15. At present, general government data usually are presented on an annual basis. However, for fiscal policy formulation, execution, and monitoring, quarterly general government data are preferable. In order to meet the needs of fiscal policy (and also as an input to quarterly national accounts), the compilation and dissemination of quarterly general government data, following the GFSM 2001 framework, is desirable.
16. European Union (EU) member states already provide the European Commission with quarterly data on general government tax revenue and on social contributions and benefits on an accrual basis (European System of Accounts 1995).1 The prescribed timeliness for these data is one quarter. In addition, at the end of September 2002, many EU members started providing the European Commission with more comprehensive data covering quarterly general government revenue, expenditure, and net lending/borrowing.2 While a trial period is foreseen (ending in 2005), most of the countries are already submitting the entire data set within a 90-day deadline.
17. The Australian Bureau of Statistics plans to release quarterly fiscal statistics for the general government sector beginning with the quarter ending in December 2003. The release will contain statistics for the statement of government operations only. Data will be released for the consolidated general government for the reference quarter, and data for previous quarters will be released simultaneously for the subsectors of general government by jurisdiction. It is planned to release these statistics approximately two months after the reference quarter.
18. The adoption of international best practices in the compilation of fiscal data presents some challenges for SDDS subscribers. Fiscal policy analysts will still need monthly data on CGO as an important tracking indicator and will require cash data for liquidity analysis. However, as subscribers move to present fiscal statistics on an accrual basis, it will be even more difficult to meet the existing SDDS monthly timeliness requirements for CGO at the turn of the fiscal year. Moreover, in response to user demands (as demonstrated in the EU member countries and Australia), quarterly data on the general government with quarterly timeliness are becoming increasingly available.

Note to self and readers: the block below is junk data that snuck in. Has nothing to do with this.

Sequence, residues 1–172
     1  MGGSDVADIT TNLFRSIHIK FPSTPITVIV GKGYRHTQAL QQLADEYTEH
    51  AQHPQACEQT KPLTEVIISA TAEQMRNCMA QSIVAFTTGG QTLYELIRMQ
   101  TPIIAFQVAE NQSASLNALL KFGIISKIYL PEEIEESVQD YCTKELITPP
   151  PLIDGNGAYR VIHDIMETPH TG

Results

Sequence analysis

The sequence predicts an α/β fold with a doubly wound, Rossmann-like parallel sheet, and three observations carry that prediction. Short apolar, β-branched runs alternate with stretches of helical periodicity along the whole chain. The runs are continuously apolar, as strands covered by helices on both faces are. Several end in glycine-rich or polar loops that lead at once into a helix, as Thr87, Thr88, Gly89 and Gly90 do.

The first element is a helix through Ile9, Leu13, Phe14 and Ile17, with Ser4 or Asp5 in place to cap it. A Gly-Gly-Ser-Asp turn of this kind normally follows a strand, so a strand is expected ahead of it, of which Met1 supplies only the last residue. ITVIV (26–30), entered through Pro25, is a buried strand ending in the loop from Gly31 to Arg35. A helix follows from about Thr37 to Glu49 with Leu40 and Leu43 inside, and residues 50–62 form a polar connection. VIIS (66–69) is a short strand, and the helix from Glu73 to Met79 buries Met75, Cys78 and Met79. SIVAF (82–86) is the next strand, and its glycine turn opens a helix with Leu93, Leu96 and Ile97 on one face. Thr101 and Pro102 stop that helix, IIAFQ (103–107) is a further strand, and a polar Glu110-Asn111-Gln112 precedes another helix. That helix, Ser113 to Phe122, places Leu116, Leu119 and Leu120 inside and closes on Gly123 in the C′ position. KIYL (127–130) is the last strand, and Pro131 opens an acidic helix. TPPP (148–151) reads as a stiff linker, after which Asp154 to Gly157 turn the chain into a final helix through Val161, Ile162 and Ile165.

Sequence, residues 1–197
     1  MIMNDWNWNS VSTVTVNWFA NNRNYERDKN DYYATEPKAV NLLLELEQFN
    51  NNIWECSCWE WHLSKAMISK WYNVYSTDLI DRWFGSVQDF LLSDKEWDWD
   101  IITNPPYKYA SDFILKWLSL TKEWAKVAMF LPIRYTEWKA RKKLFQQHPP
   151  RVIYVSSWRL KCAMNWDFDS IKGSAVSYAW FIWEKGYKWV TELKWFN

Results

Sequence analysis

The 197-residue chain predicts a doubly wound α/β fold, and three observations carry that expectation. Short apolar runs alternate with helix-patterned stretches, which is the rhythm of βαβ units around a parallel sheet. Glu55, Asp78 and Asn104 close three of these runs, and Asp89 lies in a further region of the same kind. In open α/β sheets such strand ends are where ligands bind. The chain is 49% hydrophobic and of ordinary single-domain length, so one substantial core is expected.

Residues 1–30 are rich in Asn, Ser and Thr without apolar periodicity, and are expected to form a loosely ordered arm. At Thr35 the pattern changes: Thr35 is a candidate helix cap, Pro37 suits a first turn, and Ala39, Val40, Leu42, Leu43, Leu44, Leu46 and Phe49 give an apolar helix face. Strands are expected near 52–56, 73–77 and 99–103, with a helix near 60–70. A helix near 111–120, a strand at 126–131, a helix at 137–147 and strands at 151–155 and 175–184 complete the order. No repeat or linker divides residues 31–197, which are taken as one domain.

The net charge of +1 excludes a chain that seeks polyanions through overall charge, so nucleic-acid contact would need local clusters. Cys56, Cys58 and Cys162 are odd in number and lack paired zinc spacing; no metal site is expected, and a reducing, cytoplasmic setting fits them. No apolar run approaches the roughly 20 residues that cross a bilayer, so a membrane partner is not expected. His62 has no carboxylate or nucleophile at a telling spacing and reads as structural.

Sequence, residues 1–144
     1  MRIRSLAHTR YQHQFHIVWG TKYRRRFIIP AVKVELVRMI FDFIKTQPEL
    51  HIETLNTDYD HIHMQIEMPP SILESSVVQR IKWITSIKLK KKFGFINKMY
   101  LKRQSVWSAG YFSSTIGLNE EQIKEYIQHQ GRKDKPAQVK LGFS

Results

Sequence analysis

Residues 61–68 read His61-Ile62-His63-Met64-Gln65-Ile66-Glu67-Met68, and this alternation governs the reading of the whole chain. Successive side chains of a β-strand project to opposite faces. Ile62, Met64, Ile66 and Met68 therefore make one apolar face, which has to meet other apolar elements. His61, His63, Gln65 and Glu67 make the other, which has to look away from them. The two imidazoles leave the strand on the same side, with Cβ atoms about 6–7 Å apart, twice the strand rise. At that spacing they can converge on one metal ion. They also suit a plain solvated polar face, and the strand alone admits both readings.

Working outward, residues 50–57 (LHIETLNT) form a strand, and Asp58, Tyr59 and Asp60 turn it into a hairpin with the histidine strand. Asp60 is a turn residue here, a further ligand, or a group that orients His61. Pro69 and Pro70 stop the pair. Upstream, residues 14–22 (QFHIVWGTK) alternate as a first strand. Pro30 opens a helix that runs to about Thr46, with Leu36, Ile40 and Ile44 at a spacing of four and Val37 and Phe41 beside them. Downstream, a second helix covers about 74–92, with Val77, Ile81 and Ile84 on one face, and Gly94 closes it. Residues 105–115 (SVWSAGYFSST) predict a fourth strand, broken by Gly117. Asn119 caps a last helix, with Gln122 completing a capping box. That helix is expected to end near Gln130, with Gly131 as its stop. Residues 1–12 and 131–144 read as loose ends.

19. In support of the efforts to implement the GFSM 2001 and to pursue quarterly GGO dissemination, the staff has proposed the addition of a targeted timeliness flexibility option for CGO data (whether on a cash, accrual, or modified cash/accrual basis). If a subscriber disseminates quarterly GGO data, with a one-quarter lag, in line with the GFSM 2001 or an equivalent standard, a flexibility option would be available for monthly CGO data. This targeted flexibility option would be allowed for the last month of the fiscal year (up to three months lag) and the first month of the new fiscal year (up to two months lag). In order to make use of this flexibility option, a subscriber would need to begin disseminating quarterly GGO data for at least the last quarter of the fiscal year in which the option is exercised. (For example, when the fiscal year is the same as the calendar year, to use the option for monthly CGO data for December 2003 a subscriber would need to disseminate quarterly GGO data for the last quarter of 2003.)
20. This proposed option facilitates the movement toward international best practices in fiscal statistics, but leaves the SDDS requirements unchanged for those subscribers that are not yet ready to implement accrual recording. This proposal would replace the special arrangements for subscribers implementing accrual-based reporting systems for fiscal data approved by the Executive Board under the Third Review in March 2000.
1In line with the Commission Regulation 264/2000.
2In line with the Parliament and Council Regulation 1221/2002 of June 10, 2002 (with data covering the first quarter 1999 to the second quarter 2002).